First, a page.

On This Day In 1899 The First Known License Plate Was Issued In Germany
The date is 14th April, just a normal Tuesday to you and I – however the date is actually the home to a huge number of events and breakthroughs in Motoring. We’ve decided to compile a few of these together for your reading pleasure – grab your pens and pencils, a notepad and pop on your school uniform, your history lesson has begun.
Tuesday 14th April, 1891 – 129 Years Ago
129 years ago to the day, another Day, Joseph Day to be exact, applied for a British patent for his valveless two-stroke engine. The original design had two flap valves – one in the inlet port (this would most likely be where you would find the reed valve on a modern two stroke) and one in the crown of the piston. He didn’t come up with the idea of transfer ports until a couple of years later.
Day, made around 250 of these two-port motors, he tended to fit them to small generating sets – he won a prize at the International Electrical Exhibition in 1892 for his efforts. The very widely used crankcase compression two stroke petrol engine was widely used for small engine appliances such as lawnmowers.
Friday 14th April 1899 – 121 Years Ago
This was the day that the oldest known license plate in existence was issued – it was given to Herr Beissbarth from Munich, Germany – for his Wartburg. This is not expected to be the first license ever but is the oldest around today.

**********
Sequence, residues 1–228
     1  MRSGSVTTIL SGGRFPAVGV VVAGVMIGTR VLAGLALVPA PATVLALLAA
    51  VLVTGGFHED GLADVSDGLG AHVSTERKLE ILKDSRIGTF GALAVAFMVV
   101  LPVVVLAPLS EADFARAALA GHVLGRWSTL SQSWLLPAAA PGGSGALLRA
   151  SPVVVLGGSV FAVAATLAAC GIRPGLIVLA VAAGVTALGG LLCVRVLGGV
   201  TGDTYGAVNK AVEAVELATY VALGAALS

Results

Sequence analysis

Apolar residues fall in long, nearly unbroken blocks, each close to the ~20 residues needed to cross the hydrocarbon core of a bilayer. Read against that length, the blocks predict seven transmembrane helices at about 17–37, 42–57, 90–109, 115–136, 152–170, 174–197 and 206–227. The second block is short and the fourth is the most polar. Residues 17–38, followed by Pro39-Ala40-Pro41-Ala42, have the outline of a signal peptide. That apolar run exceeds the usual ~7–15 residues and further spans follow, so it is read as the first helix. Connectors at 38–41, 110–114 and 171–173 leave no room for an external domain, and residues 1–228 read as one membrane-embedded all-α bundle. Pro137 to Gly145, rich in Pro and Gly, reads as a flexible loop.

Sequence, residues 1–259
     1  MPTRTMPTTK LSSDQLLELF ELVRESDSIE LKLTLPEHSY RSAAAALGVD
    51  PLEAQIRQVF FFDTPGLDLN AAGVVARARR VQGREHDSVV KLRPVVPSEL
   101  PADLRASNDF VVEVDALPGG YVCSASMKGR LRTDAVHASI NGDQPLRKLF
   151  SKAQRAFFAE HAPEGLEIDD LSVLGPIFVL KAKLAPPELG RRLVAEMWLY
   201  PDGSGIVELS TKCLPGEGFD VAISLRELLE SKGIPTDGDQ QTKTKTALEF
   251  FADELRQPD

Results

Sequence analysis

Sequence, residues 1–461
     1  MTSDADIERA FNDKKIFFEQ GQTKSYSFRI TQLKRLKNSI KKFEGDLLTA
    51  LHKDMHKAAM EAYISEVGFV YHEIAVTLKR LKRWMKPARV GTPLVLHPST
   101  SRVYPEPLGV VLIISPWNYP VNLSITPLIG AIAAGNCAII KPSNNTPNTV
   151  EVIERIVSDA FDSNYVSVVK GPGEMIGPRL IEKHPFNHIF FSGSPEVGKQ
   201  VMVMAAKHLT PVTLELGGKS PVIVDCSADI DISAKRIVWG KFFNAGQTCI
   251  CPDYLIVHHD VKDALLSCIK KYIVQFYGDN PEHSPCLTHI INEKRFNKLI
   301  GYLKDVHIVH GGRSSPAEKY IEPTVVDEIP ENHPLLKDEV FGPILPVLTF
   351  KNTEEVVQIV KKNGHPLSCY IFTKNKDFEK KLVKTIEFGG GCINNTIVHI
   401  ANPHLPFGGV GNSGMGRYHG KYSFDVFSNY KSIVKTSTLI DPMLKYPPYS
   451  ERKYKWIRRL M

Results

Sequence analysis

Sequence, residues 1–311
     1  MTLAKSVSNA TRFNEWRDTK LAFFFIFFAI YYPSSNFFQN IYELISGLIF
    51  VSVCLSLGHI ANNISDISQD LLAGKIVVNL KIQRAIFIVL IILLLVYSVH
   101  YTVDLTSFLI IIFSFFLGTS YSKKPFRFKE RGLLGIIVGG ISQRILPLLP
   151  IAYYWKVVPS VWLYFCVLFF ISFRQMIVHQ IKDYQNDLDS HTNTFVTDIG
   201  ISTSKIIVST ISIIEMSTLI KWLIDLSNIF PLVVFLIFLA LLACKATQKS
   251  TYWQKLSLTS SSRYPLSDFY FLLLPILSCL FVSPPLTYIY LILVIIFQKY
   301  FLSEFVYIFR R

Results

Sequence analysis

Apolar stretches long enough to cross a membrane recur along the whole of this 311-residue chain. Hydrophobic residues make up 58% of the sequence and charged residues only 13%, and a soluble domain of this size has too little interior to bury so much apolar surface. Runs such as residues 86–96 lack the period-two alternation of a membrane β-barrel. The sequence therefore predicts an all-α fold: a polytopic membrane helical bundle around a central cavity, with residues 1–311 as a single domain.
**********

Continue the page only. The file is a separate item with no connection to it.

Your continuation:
Tuesday 14th April 1914 – 106 Years Ago
On this day 106 years ago – the first ever US patent for a non-skid tyre pattern was issued to one Stacy G Carkhuff of Firestone Rubber Co. Still a huge name in the world of tyres, Firestone was originally based in Akron, Ohio but have since moved their operations to Nashville Tennessee. The non-skid tyre pattern featured oblique edges of raised portions which were moulded onto the tyre to prevent the vehicle skidding in all directions – these were arranged in rows diagonally across the surface of the tyre.
Wednesday 14th April 1926 – 94 Years Ago
94 years ago to the day, the first ever Maserati Tipo 26 racing car was produced. It’s steel ladder frame supported a supercharged inline-8 engine with a three-speed transmission (manual of course, this was long before an automatic transmission) and an aluminium body frame made by Medardo Fantuzzi.
The engine featured a Roots supercharger, twin gear-driven overhead camshafts as well as dry sump lubrication – this was to comply with the 1926 Grand Prix regulations.
Sunday 14th April 1977 – 43 Years Ago
Back in 1977, a Sunday to be exact – Volvo launched its 50th anniversary car, which was a special version of the Volvo 244DL and came in a metallic silver finish with a black and gold decorative trim. Its interior was finished with blue upholstery and featured a silver plaque on the glove compartment which said ‘Volvo 1927-77, Anniversary Car” alongside the President of Volvo, Pehr G Gyllenhammar’s signature. Sadly though, the enamel was of poor quality and the badges quickly deteriorated.
And there you have you history lesson on the history of the 14th April. There were plenty more events that occurred on this day, and if you’re the homework kind, then feel free to dig deeper. Some starting points would be, Henry Ford driving the twentieth million Ford off the production line (1931), the inaugural season of Indy Lites opening in Arizona (1986), Michael Schumacher winning the San Marino Grand Prix (2002) and the Mini Cooper D first went on sale in the UK (2007).